Turkey Potpie from leftovers

Turkey Potpie
Here is an easy way to turn those Turkey dinner leftovers into an exciting new meal.
Ingredients
1 cup cooked, diced turkey
1/2 cup diced carrots
1 cup frozen corn
1 cup frozen peas
2 cups turkey gravy (can be thinned with turkey stock)
2 cups mashed potatoes
4 oven proof single serving bowls lined with a pie crust (or more mashed potatoes)
Salt, oregano and herbs to taste

Pie Crust Recipe
2 cups flour
3/4 cup lard and butter
1 tsp salt
Enough cold water or vodka to stick it together-added gradually and stirred in with fork 4-6 Tablespoons (hard liquor evaporates better than water resulting in a better crust)

First make the pie crust. Cut butter and lard into the salted flour until mixture is the size of small peas. Add your water, making sure you add enough to get all the dough to stick together. Devide into four equal sizes. You can roll the crusts out seperately, or if the dough is wet, simply press it into each oven proof bowl scalloping the edges a little.
Alternatively, if you have a lot of mashed potatoes that you want to use up, you could line the oven proof bowls with salted mashed potatoes on the bottom of the dish as well as on the top.
Filling:
Save the mashed potatoes for the top. Add turkey, vegetables and gravy to a cast iron skillet. If the gravy is thick, thin it with turkey stock. Salt and season with herbs until desired flavor is achieved. You know what you like. My favorite seasonings for it are oregano, basil or sage. The sauce/gravy should not be too thick. If it’s too thin you could add a little flour. Taste and adjust seasonings until desired flavor is reached.
Fill the pie crusts with the filling and top with mashed potatoes.
Bake at 375 for 50 minutes.
Serve hot. Warn everyone not to touch the hot bowls.

Turkey Stock
After deboning the turkey, put bones, skin and any dripping from the pan into a large stock pot. Cover with water and 1 tablespoon apple cider vinegar. Bring to a boil then simmer on low heat for 24-48 hours. This makes a great stock for soups and also can be turned into a nice sauce.

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Sauce: Combine 2 cups stock with 1/4 cup flour. Blend then cook in a pan stirring constantly until flour turns translucent. More stock can be used to make a thinner sauce, add more flour for a thicker sauce.

 

X-Mas Trees for Sale

Morganic Farm is selling Christmas and Solstice trees this year for $10 each.  We’ll be cutting trees as needed until Christmas time.  Stop by the farm for trees at a fair price.  We have a variety of different spruce trees available.

While you’re here check out our pork cuts.  We also have 3 turkeys left, only the largest left at 18-22 pounds ($4/pound).

Our winter hours are 8am-5pm every day.  Happy Holidays from Morganic Farm!

 

Thanksgiving Turkeys!

I consider Thanksgiving a harvest festival to celebrate a wonderful growing season as we buckle down for the long winter months ahead.  Our turkeys are non-GMO and live out on pasture.  We processed a few of our very biggest toms this weekend and they came in at about 20 pounds each!  We expect the hens to be more in the 15 pound range.  We only raise a limited number of turkeys every year, and they’re going fast.  If you want to order one, now is the time.  Please complete the Order Form to get your turkey before they’re gone!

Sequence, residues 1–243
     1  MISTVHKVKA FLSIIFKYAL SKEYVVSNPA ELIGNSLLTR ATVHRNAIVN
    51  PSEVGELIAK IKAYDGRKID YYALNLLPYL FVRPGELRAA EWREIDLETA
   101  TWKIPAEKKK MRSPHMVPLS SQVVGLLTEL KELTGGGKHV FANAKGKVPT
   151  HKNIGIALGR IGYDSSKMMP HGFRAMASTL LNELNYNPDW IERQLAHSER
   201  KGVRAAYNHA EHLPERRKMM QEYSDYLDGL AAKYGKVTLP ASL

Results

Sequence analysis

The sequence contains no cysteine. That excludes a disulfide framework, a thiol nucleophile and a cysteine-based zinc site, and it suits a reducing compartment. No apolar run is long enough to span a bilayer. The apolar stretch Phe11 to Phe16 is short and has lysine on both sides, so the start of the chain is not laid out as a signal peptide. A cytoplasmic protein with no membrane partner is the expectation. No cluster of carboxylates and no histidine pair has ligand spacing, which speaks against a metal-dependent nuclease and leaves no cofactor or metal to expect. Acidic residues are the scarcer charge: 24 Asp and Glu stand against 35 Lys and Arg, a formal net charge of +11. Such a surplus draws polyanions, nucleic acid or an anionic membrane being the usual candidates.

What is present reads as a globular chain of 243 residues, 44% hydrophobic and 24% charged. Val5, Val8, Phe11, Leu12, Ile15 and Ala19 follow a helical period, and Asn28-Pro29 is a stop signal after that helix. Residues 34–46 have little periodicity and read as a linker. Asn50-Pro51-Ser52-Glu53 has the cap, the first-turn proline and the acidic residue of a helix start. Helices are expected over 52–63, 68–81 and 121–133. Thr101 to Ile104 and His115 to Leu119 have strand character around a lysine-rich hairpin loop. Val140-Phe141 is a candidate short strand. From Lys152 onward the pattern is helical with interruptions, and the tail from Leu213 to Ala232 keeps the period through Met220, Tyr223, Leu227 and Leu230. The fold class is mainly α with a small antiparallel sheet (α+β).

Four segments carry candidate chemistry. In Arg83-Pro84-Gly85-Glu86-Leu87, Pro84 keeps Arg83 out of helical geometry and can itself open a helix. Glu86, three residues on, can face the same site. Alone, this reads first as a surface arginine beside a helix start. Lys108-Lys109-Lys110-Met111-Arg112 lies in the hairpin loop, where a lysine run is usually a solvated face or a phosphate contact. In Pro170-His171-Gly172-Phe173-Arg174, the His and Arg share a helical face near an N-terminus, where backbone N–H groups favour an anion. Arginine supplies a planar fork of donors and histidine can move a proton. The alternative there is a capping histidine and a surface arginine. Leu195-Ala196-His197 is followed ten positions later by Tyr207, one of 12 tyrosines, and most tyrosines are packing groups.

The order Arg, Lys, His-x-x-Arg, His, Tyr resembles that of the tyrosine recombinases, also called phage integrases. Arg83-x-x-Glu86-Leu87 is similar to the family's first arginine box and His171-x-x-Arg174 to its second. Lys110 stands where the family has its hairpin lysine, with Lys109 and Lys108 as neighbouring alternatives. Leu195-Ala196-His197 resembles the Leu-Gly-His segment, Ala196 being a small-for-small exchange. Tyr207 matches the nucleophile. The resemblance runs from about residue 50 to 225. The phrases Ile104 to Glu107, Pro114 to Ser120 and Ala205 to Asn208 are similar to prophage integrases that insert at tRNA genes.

Thank you for supporting our farm!

Hatching!

This year we had one determined hen who “flew the coop” and set herself up to hatch some eggs.  Once a hen goes broody, as long as she’s out of the way and safe, we usually try to leave her alone.  I didn’t think her eggs were still good (it seemed like she was sitting on them all summer!), but we left her alone.  Then one day she wasn’t there and all that remained of her little nest were broken egg shells!

Oh no!  I thought for sure predators had eaten her and her eggs, or the goats had trampled her little nest.  But then I heard the peeping!

In the next pasture over the hen had a clutch of ten fuzzy little chicks she was clucking softly to and keeping close together!  We were thrilled!

Last year another hen had also hatched a clutch of eggs.  We left them entirely alone after they hatched.  They were totally wild, impossible for us to move into the hoophouse with the rest of the chickens.  Unfortunately, living on their own the chicks then mother hen got picked off one by one.  At last there was just one chicken left, and he turned into a wild rooster that lived with the pigs all through the winter.

That wild rooster was most likely the father of these chicks.  Rather than wait for mother and chicks to get picked off by predators, we caught them all and are letting the chicks grow up with mama hen in a chicken tractor.  They are still outside and mama hen still keeps them warm and teaches them about what to eat, but the tractor limits how far they can range and keeps them safe from predators while they grow up.

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A few days before they hatched we had a group of young children out to the farm and the children “discovered” the nest of eggs.

“What’s inside?”  A little girl asked bringing me one of the eggs.